The kitchen’s airy, white and blue and stainless steel, thin grey morning light. Wrapped in a robe of buffalo plaid, feet bare, hair wet, Jo picks a glass up out of the sink and eyes the bit of milk ringing the bottom before rinsing it out. Opening cabinets she finds a shelf of mugs, pulls one down. Over on a counter between the kitchen and the open room beyond a stainless steel carafe, there by a bouquet, a profusion of orange and gold sunflowers overtopping a slender glass vase. She thumbs back the lid of the carafe, sniffs, pours herself a cup of coffee. On the other side of the carafe a neat stack of paper, maybe an inch high, held at one corner by a fat black binder clip.

Down three low steps into the open room beyond, windows to the left and right in walls that narrow to a point, where Jo sits herself in a great maroon chair. Sipping her coffee she flips through the pages littered with little plastic flags brightly yellow and red marking this line, that box, and she sets to signing here, initialing there, JKM, JKM, Joliet Maguire, JKM. The window behind her looks out over a hatching of bare branches, a wedge of sidewalk below shimmed between two angled streets, a theater marquee across the intersection that says Brazil 700, Long Kiss Goodnight 945. Back along the length of the apartment past the kitchen down the hall beyond a door opens, quietly. Jo looks up. A silhouette down there, carrying something, a mass of tangled curls that lighten paling as she steps into the kitchen, a cloud the color of clotted cream. “Marfisa,” says Jo.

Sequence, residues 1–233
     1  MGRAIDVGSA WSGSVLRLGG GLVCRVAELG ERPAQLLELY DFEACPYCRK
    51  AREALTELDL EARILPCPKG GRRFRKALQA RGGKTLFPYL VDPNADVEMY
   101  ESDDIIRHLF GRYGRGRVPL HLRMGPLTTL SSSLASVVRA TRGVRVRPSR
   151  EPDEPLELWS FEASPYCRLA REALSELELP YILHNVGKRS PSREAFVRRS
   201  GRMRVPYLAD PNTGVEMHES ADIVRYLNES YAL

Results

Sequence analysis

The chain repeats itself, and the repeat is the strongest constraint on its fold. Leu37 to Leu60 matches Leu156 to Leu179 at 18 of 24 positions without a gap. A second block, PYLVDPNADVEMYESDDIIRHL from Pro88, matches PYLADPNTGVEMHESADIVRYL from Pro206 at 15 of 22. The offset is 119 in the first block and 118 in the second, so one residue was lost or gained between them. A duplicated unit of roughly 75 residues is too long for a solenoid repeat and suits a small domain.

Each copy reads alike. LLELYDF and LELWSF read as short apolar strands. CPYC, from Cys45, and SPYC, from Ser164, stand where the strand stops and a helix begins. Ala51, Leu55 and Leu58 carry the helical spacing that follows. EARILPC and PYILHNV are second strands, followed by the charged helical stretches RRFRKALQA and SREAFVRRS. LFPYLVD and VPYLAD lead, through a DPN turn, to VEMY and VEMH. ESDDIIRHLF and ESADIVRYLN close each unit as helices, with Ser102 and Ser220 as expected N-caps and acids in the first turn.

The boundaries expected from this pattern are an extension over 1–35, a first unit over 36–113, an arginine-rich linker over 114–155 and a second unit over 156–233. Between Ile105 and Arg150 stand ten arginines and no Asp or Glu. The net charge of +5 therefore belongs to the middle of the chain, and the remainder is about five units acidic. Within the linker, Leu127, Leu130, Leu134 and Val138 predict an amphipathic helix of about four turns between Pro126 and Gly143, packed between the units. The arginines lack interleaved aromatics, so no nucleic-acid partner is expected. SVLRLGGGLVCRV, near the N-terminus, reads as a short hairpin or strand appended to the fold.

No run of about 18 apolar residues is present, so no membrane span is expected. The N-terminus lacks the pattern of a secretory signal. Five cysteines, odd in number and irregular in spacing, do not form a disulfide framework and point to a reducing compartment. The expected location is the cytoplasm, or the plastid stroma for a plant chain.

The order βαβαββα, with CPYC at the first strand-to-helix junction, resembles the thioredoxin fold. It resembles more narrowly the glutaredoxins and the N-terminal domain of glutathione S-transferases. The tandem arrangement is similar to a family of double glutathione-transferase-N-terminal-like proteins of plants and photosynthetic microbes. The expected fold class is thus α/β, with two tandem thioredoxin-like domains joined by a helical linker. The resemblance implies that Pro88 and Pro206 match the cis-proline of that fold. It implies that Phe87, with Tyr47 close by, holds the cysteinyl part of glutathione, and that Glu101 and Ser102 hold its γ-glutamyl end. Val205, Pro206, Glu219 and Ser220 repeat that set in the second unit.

Marfisa starts, looks down into the open room. Sets her knapsack down, and the wooden baseball bat, leaning it against the door to the apartment. Shakes out her sheepskin coat. “Congratulations,” she says, slipping it on.

Jo sets down the pen. “For what?” she says. “The hell is that supposed to mean?”

“She loves you, Gallowglas,” says Marfisa, taking up the bat again, the knapsack. Jo stands, pages falling a rustling thump to the floor, “Look,” she says, stalking over to the steps up into the kitchen, “You do what you’re gonna do, don’t do it, I don’t care, but if you hurt her, again – ”